GPS Tracking And Its Commercial Uses

GPS tracker units first made their appearance in 1994 and were primarily used as a military aid to coordinate efforts, ensure supply and rendezvous. Traditionally campaigns in featureless terrain like the deserts of Iran have been difficult but fitting military units with GPS made the unthinkable possible. By the end of the “Desert Storm” campaign […]

GPS Tracking And Its Commercial Uses

GPS tracker units first made their appearance in 1994 and were primarily used as a military aid to coordinate efforts, ensure supply and rendezvous. Traditionally campaigns in featureless terrain like the deserts of Iran have been difficult but fitting military units with GPS made the unthinkable possible. By the end of the “Desert Storm” campaign there were GPS tracking units being fitted to tanks, supply trucks, aircraft, ships and they were even being carried by soldiers.

Although GPS tracking was initially developed for military use its appearance rapidly became common in more commercial fields and eventually households. Emergency Services were quick to recognise the potential to which GPS tracking devices could be put, especially in coordinating day-to-day operations and more importantly during disasters. Nowadays, police, fire services, ambulance and rescue personal are all routinely tracked to provide a fast and reliable service. Tracking ensures lives are saved and the appropriate and nearest teams are sent to attend at emergencies.

Construction companies were also quick on the uptake and projects such as the Channel Tunnel were immensely aided by GPS positioning devices. They made sure that the British and French civil engineers were able to meet up exactly in the right place despite being deep underground. Mining and mine rescue have also benefited from their use and opening up new seams and finding trapped miners have been made possible with the use of tracking systems.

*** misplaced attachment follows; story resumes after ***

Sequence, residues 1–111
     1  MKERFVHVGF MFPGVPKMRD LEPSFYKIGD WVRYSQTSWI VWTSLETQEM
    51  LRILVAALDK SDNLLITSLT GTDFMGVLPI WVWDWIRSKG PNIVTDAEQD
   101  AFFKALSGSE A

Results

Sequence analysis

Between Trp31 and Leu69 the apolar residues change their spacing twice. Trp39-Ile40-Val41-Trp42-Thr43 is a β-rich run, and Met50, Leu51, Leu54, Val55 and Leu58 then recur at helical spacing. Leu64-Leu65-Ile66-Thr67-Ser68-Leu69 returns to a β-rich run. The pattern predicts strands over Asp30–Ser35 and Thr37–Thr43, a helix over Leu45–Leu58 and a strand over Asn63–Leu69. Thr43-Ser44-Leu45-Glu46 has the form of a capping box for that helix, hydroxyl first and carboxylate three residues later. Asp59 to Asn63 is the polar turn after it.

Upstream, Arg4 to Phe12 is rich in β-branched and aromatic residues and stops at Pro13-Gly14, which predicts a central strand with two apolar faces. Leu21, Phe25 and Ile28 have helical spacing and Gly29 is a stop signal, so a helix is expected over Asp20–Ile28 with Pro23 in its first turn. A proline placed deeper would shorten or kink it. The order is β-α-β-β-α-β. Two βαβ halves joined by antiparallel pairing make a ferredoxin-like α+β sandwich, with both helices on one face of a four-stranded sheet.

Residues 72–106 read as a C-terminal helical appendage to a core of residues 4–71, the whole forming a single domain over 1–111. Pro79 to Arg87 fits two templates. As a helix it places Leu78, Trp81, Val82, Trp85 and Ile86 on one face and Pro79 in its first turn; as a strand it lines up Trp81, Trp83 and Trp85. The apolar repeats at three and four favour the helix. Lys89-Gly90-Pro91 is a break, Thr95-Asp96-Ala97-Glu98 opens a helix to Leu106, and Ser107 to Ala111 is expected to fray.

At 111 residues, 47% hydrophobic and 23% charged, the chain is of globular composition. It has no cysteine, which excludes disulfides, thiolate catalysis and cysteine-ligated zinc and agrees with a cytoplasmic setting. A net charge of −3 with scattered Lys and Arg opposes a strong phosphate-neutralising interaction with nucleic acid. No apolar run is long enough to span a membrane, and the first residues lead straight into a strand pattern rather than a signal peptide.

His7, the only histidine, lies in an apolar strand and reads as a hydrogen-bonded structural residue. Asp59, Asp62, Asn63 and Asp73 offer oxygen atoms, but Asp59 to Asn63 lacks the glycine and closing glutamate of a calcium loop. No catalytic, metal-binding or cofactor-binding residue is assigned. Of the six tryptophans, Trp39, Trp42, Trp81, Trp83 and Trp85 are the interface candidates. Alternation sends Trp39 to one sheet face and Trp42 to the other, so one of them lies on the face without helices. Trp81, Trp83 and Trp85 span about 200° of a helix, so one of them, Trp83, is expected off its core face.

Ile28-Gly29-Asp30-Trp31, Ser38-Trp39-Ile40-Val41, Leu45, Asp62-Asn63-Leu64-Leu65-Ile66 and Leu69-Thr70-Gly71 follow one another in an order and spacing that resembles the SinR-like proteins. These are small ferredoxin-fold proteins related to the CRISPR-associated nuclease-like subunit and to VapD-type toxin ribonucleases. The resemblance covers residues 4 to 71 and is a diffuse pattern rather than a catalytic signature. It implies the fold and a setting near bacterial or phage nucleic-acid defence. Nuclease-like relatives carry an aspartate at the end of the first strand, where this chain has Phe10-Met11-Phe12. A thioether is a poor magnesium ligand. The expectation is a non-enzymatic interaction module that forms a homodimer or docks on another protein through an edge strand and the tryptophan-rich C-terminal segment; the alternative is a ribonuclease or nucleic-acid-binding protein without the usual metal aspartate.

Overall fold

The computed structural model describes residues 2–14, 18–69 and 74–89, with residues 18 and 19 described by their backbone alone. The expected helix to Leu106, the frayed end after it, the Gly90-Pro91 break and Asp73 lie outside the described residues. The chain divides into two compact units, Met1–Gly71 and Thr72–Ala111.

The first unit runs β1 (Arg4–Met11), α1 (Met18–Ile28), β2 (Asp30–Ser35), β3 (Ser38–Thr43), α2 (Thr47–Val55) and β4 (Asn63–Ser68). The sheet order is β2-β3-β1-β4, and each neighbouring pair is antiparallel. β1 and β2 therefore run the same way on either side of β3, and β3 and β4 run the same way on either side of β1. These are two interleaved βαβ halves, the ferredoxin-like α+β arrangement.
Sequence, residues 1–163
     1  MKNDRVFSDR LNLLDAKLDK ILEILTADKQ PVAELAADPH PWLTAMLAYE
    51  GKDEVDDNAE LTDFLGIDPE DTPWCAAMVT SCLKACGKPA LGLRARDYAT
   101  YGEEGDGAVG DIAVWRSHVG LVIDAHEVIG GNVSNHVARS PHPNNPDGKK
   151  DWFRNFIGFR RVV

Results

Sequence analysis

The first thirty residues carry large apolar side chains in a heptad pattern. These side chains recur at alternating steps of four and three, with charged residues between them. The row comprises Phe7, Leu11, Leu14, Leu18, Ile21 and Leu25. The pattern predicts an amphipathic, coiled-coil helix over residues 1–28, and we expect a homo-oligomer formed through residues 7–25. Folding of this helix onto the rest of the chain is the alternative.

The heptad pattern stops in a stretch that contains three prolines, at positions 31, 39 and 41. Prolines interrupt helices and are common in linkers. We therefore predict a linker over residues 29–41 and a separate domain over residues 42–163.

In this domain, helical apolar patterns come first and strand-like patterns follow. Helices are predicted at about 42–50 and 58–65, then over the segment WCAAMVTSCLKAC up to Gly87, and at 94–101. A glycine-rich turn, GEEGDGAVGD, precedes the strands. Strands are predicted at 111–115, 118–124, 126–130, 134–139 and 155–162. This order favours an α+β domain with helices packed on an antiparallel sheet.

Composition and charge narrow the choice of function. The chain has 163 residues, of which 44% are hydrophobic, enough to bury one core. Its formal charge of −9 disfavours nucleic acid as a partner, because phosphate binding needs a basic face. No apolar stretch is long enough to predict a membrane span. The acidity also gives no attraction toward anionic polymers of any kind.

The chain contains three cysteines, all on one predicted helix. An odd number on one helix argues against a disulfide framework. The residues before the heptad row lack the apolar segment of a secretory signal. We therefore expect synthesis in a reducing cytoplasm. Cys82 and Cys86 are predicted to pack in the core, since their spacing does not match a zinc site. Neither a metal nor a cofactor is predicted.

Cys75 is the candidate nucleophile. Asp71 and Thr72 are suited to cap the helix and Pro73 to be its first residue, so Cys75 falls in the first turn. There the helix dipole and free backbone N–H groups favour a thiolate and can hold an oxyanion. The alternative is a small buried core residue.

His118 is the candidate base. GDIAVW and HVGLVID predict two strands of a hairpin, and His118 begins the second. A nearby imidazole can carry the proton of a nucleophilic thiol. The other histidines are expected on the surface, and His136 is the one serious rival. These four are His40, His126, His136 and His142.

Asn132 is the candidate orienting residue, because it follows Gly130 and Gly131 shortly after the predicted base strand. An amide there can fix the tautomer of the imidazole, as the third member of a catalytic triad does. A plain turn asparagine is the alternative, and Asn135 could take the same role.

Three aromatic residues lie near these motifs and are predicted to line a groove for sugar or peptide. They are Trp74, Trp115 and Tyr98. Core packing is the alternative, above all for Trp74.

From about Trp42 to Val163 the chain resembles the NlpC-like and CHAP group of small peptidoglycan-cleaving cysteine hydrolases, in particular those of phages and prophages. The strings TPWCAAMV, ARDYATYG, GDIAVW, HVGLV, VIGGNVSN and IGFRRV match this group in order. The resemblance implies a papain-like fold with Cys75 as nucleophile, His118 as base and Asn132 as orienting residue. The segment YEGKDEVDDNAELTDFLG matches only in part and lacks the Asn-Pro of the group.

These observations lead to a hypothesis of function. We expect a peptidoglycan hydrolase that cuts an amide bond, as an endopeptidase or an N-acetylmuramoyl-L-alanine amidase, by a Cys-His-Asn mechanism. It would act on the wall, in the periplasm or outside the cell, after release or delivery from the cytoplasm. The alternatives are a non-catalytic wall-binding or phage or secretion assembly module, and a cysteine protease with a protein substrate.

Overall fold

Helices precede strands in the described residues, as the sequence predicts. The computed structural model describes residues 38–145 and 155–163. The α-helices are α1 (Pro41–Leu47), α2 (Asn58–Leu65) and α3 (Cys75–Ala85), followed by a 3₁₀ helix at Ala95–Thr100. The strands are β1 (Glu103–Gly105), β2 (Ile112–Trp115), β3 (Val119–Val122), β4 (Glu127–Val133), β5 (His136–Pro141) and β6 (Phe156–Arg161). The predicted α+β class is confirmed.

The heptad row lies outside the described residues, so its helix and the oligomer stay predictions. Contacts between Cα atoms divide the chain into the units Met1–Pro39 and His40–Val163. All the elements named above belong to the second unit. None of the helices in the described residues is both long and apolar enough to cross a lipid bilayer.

They have also enabled the revolutionising of postal, courier and delivery companies, with fleet controllers able to send vehicles to the nearest addresses first, therefore saving time and money. Customers are able to follow their parcels and fleet managers can send the closest vans to pick up points, providing a more reliable and satisfying service for all.

The installation of GPS units into not just taxis but also public transport systems has made buses, coaches and trains easier to track. This gives customers a much better service as they can tell exactly when the next train or bus is due. They also mean that the car rental industry has benefited too, finding cars and locating fleet vehicles is much simpler these days with GPS devices attached. Companies and customers no longer have to fret as to where a car is parked or has been left as the tracker makes pinpointing the vehicle easy.

From tanks in war zones to delivery vehicles in congestion charge zones GPS units have made the jobs of military commanders and fleet controllers that much more simpler by the fitting of these small but useful devices.

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